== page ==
Water Industry News
water customers face big repair bills
every cracked pipe buried below the surface, for each main choked by
mineral deposits and for every failure that spins into an emergency,
there is a message: the state’s water infrastructure is in dire need
of billions of dollars — possibly a trillion nationally — in the
next two decades.
And guess who’s going to foot the bill?
What now costs the average household about $40 a month will balloon to
$120 or more by some estimates, to rectify years of neglect.
“The bottom line is that there has been a desire to avoid dramatic
double-digit rate increases,” said Richard A. Michelfelder, a
’s business school in
and former head of the national utilities consulting firm Quantum.
Water companies — municipal, regional and investor-owned — have not
invested enough in infrastructure, partially due to pressure to keep
rates low, he said.
Water companies have spent hundreds of millions of dollars to fix its
infrastructure in the last decade, and water rates have climbed as a
result. Still, in what the American Water Works Association predicted is
the “replacement era,” it is a game of catch-up.
of our infrastructure in this industry is buried and most of it is
aging,” said Rick Howlett, executive director of the New
Jersey Water Association, a
trade group. “We’re certainly not replacing our infrastructure with
a pace that is
Much of the serpentine network of pipes, valves and pumps beneath the
surface has been around since the Great Depression or earlier. New
Jersey American Water, for instance, estimates that about 15 percent of
its approximate 9,000 miles of piping statewide will hit 100 years of
service by 2020. The borough of
, established in 1898, just recently made its first major overhaul to
its water system, swapping out century-old wooden piping for new water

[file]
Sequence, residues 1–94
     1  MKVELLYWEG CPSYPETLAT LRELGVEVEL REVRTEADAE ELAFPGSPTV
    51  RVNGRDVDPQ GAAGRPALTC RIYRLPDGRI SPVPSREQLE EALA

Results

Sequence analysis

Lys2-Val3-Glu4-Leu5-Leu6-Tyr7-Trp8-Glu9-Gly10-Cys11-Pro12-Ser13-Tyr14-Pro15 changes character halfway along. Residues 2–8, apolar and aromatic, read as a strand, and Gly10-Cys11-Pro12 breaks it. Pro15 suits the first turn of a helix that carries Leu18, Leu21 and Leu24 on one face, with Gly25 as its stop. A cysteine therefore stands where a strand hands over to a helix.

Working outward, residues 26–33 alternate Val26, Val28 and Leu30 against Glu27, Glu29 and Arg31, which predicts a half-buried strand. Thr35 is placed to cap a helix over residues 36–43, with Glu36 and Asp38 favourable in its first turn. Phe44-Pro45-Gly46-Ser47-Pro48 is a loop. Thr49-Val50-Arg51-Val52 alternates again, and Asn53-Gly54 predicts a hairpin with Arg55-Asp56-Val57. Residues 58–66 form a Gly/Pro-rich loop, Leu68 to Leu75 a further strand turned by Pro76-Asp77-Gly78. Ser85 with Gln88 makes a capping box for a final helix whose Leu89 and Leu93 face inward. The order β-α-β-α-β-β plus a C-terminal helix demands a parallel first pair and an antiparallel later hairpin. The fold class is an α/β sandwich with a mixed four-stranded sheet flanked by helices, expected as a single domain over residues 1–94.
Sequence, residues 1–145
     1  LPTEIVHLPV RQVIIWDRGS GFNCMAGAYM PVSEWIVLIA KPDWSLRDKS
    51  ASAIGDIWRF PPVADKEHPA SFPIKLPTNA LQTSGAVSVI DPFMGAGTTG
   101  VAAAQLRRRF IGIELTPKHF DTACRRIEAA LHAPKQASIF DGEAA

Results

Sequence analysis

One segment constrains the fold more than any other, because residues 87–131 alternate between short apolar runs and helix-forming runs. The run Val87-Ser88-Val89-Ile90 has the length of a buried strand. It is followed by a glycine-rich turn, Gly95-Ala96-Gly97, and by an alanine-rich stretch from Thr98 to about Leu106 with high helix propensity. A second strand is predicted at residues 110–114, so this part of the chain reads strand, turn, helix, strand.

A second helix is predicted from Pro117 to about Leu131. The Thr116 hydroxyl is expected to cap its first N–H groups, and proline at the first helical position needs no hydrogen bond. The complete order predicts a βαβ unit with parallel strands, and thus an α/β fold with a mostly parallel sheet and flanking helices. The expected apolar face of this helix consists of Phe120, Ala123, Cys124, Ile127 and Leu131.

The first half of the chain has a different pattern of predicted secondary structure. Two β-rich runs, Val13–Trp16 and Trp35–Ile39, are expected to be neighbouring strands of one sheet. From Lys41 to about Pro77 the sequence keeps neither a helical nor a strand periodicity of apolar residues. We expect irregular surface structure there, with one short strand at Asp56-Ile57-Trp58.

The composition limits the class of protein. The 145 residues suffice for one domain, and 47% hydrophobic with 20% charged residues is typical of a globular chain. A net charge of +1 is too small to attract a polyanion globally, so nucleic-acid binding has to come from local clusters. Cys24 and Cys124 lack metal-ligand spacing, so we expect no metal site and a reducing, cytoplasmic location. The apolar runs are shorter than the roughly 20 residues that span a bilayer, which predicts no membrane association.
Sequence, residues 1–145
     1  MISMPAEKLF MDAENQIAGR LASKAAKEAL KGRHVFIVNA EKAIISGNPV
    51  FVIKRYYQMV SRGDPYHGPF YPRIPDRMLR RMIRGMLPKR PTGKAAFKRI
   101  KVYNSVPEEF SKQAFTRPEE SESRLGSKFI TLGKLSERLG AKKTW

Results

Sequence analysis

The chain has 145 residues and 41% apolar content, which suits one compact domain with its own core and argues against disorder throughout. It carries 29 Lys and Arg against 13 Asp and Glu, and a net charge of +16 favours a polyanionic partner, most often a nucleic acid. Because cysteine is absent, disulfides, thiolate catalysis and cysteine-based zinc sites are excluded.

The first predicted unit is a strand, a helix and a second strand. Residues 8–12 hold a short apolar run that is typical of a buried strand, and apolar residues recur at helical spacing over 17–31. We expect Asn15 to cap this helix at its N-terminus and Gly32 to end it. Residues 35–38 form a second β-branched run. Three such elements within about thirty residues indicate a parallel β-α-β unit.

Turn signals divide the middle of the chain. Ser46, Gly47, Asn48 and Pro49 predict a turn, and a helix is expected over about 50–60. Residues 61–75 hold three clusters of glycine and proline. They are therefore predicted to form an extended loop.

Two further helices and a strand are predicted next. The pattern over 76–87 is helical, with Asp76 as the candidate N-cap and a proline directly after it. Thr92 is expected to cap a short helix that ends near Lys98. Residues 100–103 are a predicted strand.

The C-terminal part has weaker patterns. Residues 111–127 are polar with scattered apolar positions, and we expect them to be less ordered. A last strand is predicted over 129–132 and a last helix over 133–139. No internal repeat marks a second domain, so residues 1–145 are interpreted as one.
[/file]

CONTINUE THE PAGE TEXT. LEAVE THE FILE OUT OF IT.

“Infrastructure deteriorates every day,” said Dennis W. Doll,
Water Co., a utility that serves
Solomon, the former head of the state Board of Public Utilities, said at
November roundtable on water supply at
that he personally believes that water will be the “crisis of the 21st
century.” Water has in many ways been ignored, he said, and the
infrastructure’s age and vulnerability was exposed last year by
tropical storms Irene and Lee. He said those events showed that if you
do not upgrade infrastructure, do not make necessary investments or hold
off repairs, “disaster occurs.”
In these days of shrinking budgets and dwindling revenues, regional and
municipal authorities will often make cuts that can’t be seen.
“When it’s a tough budget year, it’s easier to ignore what’s
underground,” Doll said. “The unfortunate reality is that
maintenance often gets deferred.”
But even for profitable, investor-owned companies like Middlesex Water
Jersey American, there are limits to how much work can be done in a
certain time frame, business insiders say. They must strike a balance of
attracting capital and investing in infrastructure, or assets, while
keeping rates low. These companies are highly scrutinized by the BPU
each time they request a rate hike, and often get approved for less than
they apply for.
“It’s all about risk management,” Doll said. “Nobody has the
time, money or resources to fix everything that’s needed.”
The utilities have a wide berth when it comes to applying their
The BPU can order a regulated utility to fix equipment, but by and
large, unless a